Lionel Limonta and Haila Mompié split Bamboleo to form Azúcar Negra. Coming at the tail
end of a period in which the best Cuban acts were able to reinvent themselves for every CD or the formation of every new group, halving Bamboleo’s most active ingredients resulted in no dilution of talent. In short order they built a highly professional new band, including singer Alexander Lara, and created a new sound. Andar Andando was their first recording.
For me it’s one of the stand out Timba CDs of this century. The complexity of the songs’ arrangements and quality of the material, not least the ability of the band to cope with them are exceptional. The CD really comes to life with Se Acabó La Rabia and builds in intensity, only taking a dip for the schmaltzy duet Tan Solo Tu. It then gears up to end with three more scorchers. The finale is a reworking of No Me Parezco A Nadie which Haila first sang with Bamboleo. The sound is full and exuberant, most songs go at quite a lick. The horn section copes effortlessly with every twist, the percussion with efectos and gear changes that amount to an assault. Alexander Lara and Haila do well to navigate these turbulent waters, and they do so with enormous style.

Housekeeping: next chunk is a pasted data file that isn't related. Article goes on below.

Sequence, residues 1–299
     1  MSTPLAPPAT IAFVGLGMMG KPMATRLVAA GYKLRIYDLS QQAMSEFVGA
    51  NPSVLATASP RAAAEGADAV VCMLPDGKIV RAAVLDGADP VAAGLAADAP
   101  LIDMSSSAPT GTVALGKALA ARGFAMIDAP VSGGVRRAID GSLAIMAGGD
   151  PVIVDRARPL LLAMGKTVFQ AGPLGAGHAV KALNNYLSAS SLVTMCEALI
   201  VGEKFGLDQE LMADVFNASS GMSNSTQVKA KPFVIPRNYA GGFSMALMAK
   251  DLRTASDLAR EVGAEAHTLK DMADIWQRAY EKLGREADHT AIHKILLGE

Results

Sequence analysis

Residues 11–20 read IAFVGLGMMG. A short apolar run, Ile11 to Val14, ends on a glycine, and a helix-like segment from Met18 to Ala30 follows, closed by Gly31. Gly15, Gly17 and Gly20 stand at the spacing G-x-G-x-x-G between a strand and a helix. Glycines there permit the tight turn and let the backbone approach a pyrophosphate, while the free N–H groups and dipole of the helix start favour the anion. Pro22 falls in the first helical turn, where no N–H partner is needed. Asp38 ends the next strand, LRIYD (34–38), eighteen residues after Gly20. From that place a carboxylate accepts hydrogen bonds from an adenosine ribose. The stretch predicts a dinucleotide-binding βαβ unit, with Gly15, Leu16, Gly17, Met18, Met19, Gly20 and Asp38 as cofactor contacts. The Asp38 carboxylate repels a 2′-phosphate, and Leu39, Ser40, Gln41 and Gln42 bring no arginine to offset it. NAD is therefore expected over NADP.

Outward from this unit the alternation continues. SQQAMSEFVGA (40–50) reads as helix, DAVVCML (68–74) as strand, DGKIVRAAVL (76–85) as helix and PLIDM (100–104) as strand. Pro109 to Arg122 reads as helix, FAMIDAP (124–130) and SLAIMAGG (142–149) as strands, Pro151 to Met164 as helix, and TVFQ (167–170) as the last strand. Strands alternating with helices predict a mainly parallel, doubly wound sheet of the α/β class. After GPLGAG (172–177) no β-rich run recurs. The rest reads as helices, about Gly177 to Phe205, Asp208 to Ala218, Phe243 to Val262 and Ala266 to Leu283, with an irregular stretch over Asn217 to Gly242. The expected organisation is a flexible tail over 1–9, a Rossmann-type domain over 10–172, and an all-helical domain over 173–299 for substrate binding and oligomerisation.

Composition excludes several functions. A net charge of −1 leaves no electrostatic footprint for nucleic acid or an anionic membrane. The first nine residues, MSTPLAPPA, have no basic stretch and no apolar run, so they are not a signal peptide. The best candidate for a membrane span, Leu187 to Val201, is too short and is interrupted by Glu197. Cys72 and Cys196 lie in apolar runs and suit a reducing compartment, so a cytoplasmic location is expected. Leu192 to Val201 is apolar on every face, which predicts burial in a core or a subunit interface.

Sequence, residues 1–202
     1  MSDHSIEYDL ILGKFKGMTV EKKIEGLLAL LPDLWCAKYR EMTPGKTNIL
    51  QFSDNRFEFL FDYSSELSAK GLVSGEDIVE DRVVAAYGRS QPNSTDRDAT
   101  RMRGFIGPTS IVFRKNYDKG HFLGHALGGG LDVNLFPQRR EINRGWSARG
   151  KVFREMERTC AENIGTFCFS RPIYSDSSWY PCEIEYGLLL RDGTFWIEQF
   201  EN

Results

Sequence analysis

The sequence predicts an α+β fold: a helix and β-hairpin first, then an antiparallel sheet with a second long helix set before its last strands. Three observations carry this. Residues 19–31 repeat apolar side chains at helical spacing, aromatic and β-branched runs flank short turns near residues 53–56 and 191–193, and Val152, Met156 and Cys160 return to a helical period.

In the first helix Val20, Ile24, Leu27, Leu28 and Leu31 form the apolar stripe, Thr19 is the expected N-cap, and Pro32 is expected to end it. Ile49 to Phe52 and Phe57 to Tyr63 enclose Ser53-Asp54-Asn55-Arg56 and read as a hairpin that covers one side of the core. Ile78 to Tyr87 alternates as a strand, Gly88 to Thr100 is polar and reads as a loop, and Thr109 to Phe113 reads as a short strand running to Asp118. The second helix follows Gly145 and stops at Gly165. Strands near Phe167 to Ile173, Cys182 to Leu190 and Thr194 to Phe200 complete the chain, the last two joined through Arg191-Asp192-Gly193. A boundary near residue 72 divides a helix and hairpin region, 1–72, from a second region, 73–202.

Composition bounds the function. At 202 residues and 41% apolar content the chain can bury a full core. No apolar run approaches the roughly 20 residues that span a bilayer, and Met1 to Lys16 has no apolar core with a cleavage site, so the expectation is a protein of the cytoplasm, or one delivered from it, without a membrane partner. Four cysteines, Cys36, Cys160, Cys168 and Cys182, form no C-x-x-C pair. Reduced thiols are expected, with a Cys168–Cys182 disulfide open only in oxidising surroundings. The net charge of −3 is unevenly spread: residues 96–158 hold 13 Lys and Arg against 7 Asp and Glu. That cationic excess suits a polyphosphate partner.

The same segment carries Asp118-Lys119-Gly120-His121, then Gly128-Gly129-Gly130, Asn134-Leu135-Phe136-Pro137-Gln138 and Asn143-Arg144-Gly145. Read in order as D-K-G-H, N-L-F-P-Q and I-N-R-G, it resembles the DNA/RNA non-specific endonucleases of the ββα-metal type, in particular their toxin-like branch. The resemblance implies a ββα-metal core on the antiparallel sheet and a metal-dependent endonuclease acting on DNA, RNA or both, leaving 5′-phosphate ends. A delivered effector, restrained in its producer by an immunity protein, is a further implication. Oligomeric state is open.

Of note also, is the song Habana-Lima, the only one to deviate from Salsa/Timba. I’m not entirely sure what it is, perhaps a hybrid of Bomba and Merengue. It is, though, incredibly soulful and indicative of author Lionel Limonta and arranger Adalberto Dominquez’s skill and dedication to creating real music in this period. That they bothered to create something so worthwhile for just one song.